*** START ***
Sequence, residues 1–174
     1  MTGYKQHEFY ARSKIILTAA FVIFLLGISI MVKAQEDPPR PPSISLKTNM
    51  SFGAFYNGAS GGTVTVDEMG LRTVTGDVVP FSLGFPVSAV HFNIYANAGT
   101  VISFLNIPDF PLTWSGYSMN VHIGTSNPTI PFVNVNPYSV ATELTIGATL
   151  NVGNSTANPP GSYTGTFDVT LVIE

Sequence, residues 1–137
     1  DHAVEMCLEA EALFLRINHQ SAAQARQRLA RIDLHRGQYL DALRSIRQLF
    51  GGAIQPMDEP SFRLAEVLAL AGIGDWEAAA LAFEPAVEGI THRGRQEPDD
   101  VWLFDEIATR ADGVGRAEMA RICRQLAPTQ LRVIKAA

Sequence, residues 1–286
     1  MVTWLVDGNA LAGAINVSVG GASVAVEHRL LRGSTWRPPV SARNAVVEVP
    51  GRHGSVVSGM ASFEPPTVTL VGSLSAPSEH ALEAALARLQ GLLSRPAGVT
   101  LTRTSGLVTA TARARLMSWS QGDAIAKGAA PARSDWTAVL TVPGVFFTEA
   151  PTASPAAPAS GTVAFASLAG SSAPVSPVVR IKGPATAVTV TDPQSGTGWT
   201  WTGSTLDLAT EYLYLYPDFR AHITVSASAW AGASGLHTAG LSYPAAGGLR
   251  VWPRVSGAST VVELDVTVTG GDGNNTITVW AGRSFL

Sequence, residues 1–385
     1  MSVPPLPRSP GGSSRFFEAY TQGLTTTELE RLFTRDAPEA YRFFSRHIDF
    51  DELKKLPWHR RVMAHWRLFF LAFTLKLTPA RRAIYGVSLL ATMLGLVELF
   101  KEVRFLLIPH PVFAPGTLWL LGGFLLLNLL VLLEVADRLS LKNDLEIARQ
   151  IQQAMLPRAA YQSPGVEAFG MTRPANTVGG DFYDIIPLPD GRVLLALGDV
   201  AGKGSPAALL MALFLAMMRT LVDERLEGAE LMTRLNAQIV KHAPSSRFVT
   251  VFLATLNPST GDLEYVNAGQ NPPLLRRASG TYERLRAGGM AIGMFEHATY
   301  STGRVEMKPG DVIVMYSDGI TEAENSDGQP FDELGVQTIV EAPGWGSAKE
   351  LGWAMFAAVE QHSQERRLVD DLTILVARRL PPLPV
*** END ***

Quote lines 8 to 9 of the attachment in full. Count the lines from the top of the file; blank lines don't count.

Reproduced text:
    51  GGAIQPMDEP SFRLAEVLAL AGIGDWEAAA LAFEPAVEGI THRGRQEPDD
   101  VWLFDEIATR ADGVGRAEMA RICRQLAPTQ LRVIKAA